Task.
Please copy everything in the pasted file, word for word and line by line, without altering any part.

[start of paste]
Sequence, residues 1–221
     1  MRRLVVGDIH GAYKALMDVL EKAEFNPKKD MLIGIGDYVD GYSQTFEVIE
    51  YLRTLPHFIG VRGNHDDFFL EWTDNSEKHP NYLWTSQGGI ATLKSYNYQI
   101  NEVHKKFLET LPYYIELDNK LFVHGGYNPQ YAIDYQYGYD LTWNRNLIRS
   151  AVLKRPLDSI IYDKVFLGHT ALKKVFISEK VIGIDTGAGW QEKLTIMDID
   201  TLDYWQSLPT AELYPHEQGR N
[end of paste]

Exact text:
Sequence, residues 1–221
     1  MRRLVVGDIH GAYKALMDVL EKAEFNPKKD MLIGIGDYVD GYSQTFEVIE
    51  YLRTLPHFIG VRGNHDDFFL EWTDNSEKHP NYLWTSQGGI ATLKSYNYQI
   101  NEVHKKFLET LPYYIELDNK LFVHGGYNPQ YAIDYQYGYD LTWNRNLIRS
   151  AVLKRPLDSI IYDKVFLGHT ALKKVFISEK VIGIDTGAGW QEKLTIMDID
   201  TLDYWQSLPT AELYPHEQGR N